HATTIESBURG, Miss.—For Jamie McPherson, complete recovery from the amputation of his lower right leg meant more than walking, running and jumping again. It meant helping others through their time of need as well.
The former University of Southern Mississippi defensive end who lost his leg to an on-the-field injury, not only lives a fully active life with his artificial limb, but now works with other amputees as a Methodist Rehabilitation Center prosthetic technician. He’s now building prosthetic limbs for others.
“It’s as much therapy for me as it is for them,” he said. “I get charged up from seeing our patients get their lives back.”
McPherson was injured in his last college football game. It was Homecoming 1994 and his USM Golden Eagles were up against Samford. When the coach called for a stunt in the third quarter, it was defensive end McPherson’s opportunity to take out the quarterback. Instead, it was McPherson who got taken out.
“Just as I got there, the quarterback stepped out of the way into the pocket and the other defensive end dove head first into my knee,” McPherson recalled. “I instantly lost feeling in my foot. It bent the right knee backwards more than 90 degrees. Everything inside just kind of exploded.”
Doctors operated on McPherson’s leg more than a dozen times over the next week. Finally, he was given a choice. Spend the rest of your life walking with a cane and never run again, or amputate now and continue to live an active lifestyle on a prosthetic limb. It wasn’t much of a choice, McPherson said.
Six months later, he was running outside the MRC outpatient clinic on Lakeland Drive with MRC director of orthotics and prosthetics Rick Psonak. Psonak had designed a foot for McPherson to run, jump and play basketball on. McPherson saw his future.
Today, he is helping others with amputations deal with their loss and learn how to function with their prosthesis. He works three days a week in MRC’s orthotics and prosthetics clinic in Hattiesburg and two days at its outpatient clinic in Jackson. In between, he travels around the state to visit other satellite clinics and assists with seminars demonstrating the latest in prosthetic technology.
“It’s perfect for me,” he said. “There are never two days that are the same. There’s always variety. It’s a technical job that uses my mechanical ability and puts me in the medical field.”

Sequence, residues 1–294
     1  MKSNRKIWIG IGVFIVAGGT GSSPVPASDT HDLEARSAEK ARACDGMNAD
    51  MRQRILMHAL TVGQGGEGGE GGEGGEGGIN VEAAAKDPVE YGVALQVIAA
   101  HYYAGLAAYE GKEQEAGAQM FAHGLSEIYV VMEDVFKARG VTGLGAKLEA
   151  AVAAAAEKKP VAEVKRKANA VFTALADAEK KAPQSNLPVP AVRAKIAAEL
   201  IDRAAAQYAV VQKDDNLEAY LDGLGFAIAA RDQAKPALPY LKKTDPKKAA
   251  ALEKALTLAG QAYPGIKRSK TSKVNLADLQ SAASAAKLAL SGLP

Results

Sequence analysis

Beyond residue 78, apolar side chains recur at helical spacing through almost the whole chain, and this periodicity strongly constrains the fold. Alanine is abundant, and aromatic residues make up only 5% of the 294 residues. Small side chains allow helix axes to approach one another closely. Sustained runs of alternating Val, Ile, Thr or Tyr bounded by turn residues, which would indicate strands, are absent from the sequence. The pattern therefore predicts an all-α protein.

It’s also perfect for his patients.
Don Aultman, 45, of Hattiesburg, lost his lower leg to a muscle disease three years ago. Seeing McPherson run and jump gives him hope. “Jamie McPherson is my hero,” said the father of three. “He encourages me to stay active. When I see him, my attitude becomes ‘If he can do it, then I can do it.’”
When Aultman visits McPherson at the Hattiesburg clinic, the two share a special bond. “He knows the questions I need answers to before I even know to ask,” Aultman said.
“It creates an atmosphere where it’s not a big deal to be an amputee,” said McPherson, who built Aultman’s prosthesis. “And it pushes me to do better. To work harder at motivating them.”
When Aultman, a retired carpenter, wanted to know if he could still be an outdoors person, if he could still hunt and fish, McPherson knew exactly how he felt.
Today, McPherson does all those things and then some. He swims, runs, lifts weights at the gym and never stops looking for challenges. He and fellow amputee Brad Kennedy worked together to build a foot for sprinting.
“It’s pretty impractical for everyday walking. You can’t do anything but sprint on it,” he said. “As soon as we finished it, we went out in the parking lot and started sprinting back and forth.”
Hearing about things like that gives his patients hope.
“Jamie is one heck of an inspiration,” Aultman said. “He knows what I’m feeling because he’s been through it. He understands.”
Methodist Rehabilitation Center’s orthotics and prosthetics division creates customized artificial limbs and braces for amputees in a state-of-the-art laboratory using the latest computer assisted design technology. The division is staffed by practitioners, registered technicians and a certified pedorthotist. It is recognized by the American Board of Certification as a center of excellence.